Maybe it's sour diesel, maybe we put a little gas. Can and a lemon to show that it's a sour diesel, maybe that helps them inform their purchasing decision because they're reminded of that. They, oh yeah. I do like diesel streams. I'm gonna pick that one up or how do we give 'em another number, but terpenes comes up all the time, right?
Terpenes are hard words to say hard words to understand and hard words to remember. So how do we simplify it? Total terpenes is a really nice one. At least it communicate. Something so that they have another number to compare their THC to. So a customer can start saying, okay, maybe this THC number lowered a little bit from what I'm used to, but this total terpene number that communicates value that's significantly higher.
So that probably justifies the premium price. And I'm talking in very layman's terms here, but when we talk about scale, these are the types of subtle changes that will dramatically affect a merchandising strategy over, over multiple store.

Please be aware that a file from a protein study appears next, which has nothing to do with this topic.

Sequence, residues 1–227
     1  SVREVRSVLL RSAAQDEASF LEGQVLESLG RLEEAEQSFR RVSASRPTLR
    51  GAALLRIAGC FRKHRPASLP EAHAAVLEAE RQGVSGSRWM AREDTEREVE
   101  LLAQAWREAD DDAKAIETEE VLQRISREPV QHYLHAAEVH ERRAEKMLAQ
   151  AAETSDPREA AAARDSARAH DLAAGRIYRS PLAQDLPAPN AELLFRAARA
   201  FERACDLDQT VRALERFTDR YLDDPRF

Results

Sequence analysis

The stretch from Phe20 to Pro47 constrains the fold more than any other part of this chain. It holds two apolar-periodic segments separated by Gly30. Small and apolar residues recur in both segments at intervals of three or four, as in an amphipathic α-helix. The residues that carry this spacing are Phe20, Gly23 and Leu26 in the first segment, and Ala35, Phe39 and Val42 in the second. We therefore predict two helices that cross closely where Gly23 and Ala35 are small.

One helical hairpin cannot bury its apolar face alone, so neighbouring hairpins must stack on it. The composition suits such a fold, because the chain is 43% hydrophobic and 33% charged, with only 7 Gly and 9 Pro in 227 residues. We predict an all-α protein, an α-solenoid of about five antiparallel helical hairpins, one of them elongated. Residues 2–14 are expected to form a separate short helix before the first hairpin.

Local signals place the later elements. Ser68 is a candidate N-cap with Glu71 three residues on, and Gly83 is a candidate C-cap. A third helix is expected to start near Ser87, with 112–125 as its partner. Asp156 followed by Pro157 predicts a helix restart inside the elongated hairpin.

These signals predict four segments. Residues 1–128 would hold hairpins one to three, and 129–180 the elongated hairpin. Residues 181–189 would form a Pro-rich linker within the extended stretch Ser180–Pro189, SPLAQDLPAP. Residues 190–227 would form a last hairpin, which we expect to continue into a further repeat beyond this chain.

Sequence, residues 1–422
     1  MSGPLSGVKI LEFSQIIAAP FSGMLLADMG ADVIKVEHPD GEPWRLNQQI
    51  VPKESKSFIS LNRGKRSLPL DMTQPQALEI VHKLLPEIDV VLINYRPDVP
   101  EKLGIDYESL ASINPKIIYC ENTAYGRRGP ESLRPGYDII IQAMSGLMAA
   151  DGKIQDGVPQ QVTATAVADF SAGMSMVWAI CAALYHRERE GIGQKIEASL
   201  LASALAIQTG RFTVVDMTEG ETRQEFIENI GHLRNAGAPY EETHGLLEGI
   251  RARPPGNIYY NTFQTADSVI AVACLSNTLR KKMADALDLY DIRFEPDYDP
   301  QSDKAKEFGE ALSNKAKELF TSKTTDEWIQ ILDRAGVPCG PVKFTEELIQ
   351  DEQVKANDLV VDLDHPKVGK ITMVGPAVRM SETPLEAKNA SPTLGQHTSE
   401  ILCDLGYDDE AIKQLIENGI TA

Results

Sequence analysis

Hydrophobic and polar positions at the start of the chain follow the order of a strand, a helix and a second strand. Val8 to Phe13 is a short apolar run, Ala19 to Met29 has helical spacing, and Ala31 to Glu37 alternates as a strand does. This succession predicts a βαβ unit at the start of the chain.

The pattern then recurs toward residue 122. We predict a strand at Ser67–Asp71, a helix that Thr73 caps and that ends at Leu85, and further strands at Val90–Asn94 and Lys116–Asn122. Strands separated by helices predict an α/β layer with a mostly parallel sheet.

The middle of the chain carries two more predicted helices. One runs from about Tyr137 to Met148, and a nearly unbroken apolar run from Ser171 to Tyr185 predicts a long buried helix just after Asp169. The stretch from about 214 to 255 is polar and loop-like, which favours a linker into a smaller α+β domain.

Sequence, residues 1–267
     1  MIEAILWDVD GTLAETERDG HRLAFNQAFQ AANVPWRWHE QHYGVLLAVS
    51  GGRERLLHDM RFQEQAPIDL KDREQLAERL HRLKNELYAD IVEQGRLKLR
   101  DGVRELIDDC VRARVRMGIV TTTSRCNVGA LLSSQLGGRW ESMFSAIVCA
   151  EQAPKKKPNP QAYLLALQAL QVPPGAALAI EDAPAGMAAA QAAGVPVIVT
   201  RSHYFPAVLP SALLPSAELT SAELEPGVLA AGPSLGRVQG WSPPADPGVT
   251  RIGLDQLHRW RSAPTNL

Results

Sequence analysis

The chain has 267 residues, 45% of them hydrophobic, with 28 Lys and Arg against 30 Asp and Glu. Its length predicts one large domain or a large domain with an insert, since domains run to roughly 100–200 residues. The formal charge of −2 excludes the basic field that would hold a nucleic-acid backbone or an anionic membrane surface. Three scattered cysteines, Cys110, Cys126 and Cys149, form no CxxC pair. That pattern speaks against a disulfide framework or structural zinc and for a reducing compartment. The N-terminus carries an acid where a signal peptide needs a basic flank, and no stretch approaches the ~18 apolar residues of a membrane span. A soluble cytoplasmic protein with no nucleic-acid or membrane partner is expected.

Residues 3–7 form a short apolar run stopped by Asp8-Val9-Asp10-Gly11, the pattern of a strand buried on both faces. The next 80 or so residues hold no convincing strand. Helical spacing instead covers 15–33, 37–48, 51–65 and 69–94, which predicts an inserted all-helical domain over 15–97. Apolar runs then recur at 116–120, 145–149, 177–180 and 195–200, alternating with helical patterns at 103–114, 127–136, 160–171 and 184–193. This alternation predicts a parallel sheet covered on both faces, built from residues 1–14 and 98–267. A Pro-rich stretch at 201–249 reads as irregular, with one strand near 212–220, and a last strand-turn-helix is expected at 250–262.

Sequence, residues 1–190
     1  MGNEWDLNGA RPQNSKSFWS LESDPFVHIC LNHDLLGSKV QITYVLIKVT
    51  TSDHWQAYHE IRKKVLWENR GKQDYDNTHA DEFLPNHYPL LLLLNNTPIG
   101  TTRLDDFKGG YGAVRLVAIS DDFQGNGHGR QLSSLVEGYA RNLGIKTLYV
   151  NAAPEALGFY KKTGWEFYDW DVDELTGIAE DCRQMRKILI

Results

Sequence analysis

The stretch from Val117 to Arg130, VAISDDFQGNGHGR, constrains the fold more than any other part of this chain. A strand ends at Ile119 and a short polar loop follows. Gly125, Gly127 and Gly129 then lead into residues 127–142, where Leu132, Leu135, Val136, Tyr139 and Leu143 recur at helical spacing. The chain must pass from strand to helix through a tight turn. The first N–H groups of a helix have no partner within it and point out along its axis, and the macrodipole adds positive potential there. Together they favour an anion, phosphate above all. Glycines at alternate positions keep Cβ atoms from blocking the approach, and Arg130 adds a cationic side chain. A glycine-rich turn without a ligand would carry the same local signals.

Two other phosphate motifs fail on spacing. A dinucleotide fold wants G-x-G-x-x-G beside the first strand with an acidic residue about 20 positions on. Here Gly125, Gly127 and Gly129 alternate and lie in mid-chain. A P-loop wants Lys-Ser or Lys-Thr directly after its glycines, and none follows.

Tom Mulhern: And there probably comes into play a lot of training then for bud tenderers, who. Now that they can customize it so much and they can have so many more tools ready to help customers get the product that they are looking for. And that really fits the needs of what they're what they're looking for.
That's really cool.
David Thomas: Bud tenderers are an interesting one for merchandising, because one thing that I, I, I like to remind our retailers about is you're not setting up this merchandising just for the consumer. You're also setting up for the budtender so that they can use it as a tool to sell the product. And then you can also communicate changes to them.